The film starts off with one of those Van Damme action sequences, with a ton of gunplay, karate and men being killed by JCVD's bare hands. However, the action cuts away to reveal a set, where Van Damme is being mocked by the director for taking his mediocre, cash-in movie too seriously. He plays himself in the film, and not in the winking "Julia Roberts playing Julia Roberts" way of the "Ocean's" series. Van Damme is playing himself with all his flaws in tow. He goes to the court hearing for custody of his daughter, and after watching the opposing attorney rattle off a list of all the violence in his movies, his daughter says that she wants to live with her mother, because kids at school make fun of her dad's movies. His agent tells him that he lost out on a STD role to Steven Seagal, because the latter promised to cut off his ponytail for the first time.

After this, and out of money, Van Damme returns to Brussels to try and start again. While simply trying to drop off a letter at the post office, he ends up being roped into a hostage crisis. A police officer sees him in the window and becomes convinced that Van Damme is robbing the bank. He's so far in debt that the police don't even question whether there is probable cause for the stickup. Inside, Van Damme uses his fame to stay alive, but also begins to fear his own death.

If this sounds heavier than a Van Damme movie should be, that's because this is not the kind of movie one would expect. There's actually next to no action in the film, and the toughest Van Damme looks is during the aforementioned scene in the beginning. Van Damme plays himself as a man broken down, who almost wants to relinquish his fame and start his life over, but can't escape the hole he's dug for himself. There is a scene, beautifully handled, in which he levitates above the onscreen action, looks into the camera and directly addresses the audience. For about ten minutes, he tells his side of his story for what seems like the first time, and apologizes for the wrongs he has caused. It's hard to tell at first whether this is part of the movie, but then you realize that it is not; he speaks of his past wives, his drug use and all his other failures with a candor that few other actors would have the courage to exhibit.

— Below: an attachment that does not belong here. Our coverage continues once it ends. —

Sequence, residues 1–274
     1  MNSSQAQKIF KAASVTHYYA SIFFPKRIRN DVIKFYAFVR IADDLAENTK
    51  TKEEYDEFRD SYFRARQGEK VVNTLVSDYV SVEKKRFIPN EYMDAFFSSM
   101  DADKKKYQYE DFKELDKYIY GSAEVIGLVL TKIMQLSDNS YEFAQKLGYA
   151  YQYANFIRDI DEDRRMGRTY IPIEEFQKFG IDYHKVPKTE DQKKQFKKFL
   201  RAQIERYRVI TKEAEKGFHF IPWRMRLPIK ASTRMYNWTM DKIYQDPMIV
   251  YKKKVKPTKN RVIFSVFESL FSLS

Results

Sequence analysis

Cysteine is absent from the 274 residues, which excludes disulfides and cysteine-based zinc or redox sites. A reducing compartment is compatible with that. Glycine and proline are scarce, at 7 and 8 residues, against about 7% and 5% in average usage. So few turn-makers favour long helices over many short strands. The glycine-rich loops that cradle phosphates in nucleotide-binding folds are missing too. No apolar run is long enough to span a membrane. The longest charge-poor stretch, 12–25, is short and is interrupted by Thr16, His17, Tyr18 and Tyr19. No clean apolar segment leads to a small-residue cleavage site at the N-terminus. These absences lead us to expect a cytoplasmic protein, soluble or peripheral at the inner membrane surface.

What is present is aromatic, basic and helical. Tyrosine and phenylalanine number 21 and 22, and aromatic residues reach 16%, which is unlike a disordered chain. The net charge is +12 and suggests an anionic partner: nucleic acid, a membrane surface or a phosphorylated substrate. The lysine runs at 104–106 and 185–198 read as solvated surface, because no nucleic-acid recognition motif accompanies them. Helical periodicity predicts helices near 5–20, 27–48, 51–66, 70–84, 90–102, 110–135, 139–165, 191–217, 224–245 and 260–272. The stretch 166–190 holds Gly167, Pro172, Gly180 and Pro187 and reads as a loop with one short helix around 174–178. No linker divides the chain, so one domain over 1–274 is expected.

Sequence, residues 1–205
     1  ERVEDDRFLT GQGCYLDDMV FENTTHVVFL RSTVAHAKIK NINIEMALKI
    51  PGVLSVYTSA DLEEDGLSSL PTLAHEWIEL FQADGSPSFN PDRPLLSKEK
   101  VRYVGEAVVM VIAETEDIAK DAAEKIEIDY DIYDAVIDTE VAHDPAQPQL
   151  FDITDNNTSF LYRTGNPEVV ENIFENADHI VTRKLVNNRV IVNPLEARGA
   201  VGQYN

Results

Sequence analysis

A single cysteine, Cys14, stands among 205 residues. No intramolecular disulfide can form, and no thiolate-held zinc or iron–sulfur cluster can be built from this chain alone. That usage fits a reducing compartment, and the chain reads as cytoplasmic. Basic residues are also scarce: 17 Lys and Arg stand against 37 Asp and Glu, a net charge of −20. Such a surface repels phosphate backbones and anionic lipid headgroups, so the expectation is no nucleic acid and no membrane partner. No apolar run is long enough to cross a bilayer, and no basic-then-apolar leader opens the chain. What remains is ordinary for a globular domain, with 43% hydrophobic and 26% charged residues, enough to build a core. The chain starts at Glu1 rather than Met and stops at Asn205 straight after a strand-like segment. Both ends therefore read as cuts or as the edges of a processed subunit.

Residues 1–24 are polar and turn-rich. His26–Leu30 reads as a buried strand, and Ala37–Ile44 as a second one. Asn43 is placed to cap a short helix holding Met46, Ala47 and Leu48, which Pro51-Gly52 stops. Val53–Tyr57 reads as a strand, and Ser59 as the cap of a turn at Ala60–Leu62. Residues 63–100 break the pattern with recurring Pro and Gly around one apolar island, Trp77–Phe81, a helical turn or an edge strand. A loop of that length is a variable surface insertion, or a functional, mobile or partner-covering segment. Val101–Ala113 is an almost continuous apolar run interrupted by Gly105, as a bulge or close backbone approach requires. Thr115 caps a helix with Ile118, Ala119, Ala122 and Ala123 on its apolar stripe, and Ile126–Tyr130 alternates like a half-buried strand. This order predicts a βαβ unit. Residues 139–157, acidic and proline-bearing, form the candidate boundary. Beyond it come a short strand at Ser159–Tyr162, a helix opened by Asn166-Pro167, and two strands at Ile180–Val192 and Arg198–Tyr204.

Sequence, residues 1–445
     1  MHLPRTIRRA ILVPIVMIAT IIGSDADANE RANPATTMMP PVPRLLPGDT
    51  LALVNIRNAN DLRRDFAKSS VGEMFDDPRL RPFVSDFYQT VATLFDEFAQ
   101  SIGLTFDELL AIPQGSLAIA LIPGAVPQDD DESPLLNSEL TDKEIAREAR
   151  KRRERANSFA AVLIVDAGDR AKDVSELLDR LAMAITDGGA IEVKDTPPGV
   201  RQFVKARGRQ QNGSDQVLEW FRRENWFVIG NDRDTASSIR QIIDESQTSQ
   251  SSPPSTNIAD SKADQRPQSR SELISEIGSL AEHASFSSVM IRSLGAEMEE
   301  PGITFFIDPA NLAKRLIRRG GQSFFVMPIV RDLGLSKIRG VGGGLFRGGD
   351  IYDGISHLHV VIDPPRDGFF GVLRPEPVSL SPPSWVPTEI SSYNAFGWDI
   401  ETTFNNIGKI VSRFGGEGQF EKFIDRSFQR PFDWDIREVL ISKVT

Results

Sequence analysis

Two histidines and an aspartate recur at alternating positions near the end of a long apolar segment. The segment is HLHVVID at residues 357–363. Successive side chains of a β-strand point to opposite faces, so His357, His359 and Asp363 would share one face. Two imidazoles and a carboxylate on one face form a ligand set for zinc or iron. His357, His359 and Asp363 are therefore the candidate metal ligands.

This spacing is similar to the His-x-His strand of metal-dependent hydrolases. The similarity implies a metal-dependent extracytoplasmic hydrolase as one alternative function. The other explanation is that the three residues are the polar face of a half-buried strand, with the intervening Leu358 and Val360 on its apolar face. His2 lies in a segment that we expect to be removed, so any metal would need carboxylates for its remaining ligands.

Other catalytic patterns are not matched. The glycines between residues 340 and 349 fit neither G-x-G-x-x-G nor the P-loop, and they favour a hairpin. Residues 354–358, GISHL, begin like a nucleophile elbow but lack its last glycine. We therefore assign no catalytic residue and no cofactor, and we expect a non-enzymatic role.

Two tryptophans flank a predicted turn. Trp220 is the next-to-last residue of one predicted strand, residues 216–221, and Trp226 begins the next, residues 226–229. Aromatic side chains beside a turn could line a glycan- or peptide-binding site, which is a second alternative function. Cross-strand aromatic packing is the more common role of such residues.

Strangely enough, I can see "JCVD" possibly acting as a new beginning for the actor, if he so chooses; this film crushes the Van Damme mythos so thoroughly that if he truly wishes to start again, he may have more films of a higher quality in him after all.

Monday, November 10, 2008

WTF?!: Oldboy remake

I remember my friend badgering me to watch this foreign film called Oldboy every time I spoke to him. Finally last year I broke down and Netflixed it. Everything my friend said about this film was completely and utterly true. It was a a blood-bath, an emotional rollercoaster, a tear jeaker, and any other cliche idiom film critics say about great movies.

So why the hell would you remake it?

Following the Asian remake trend, Stephen Spielberg and Will Smith are planning to make an American version of Park Chanwook's Oldboy. Why? Profit? I have no idea. The raw and strange subject matter of the film doesn't really seem like either person's cup of tea. Maybe if Martin Sorsese said he was going to remake this, I would be more exicted. But Spielberg is known for his more comtemplative movies, not so much for beat-em-up action films. And adding Will Smith to the mix...ok, just because you did I am Legend (a total watered-down version of the book) does not mean you can take on an incestual/gorey/crazy Asian film. It's like putting Simon and Garfunkle in charge of a bio-pic about The Ramones. It just doesn't mix well.